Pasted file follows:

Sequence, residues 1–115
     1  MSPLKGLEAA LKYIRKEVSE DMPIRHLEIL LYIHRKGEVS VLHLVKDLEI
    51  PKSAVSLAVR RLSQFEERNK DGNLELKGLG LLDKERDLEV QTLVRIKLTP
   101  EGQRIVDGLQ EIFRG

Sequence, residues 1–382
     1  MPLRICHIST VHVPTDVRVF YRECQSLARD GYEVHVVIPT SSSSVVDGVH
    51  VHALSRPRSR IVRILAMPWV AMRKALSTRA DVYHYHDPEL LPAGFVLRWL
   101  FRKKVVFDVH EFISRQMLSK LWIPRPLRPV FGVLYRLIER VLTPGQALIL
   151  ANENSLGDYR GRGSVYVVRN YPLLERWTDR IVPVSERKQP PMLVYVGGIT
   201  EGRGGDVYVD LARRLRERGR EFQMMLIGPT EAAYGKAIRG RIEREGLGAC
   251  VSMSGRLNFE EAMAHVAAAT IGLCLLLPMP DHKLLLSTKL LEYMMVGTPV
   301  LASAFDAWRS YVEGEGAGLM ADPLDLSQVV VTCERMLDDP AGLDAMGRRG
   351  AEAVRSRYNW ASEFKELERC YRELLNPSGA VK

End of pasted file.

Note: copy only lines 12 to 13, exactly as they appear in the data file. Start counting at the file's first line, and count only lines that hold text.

   301  LASAFDAWRS YVEGEGAGLM ADPLDLSQVV VTCERMLDDP AGLDAMGRRG
   351  AEAVRSRYNW ASEFKELERC YRELLNPSGA VK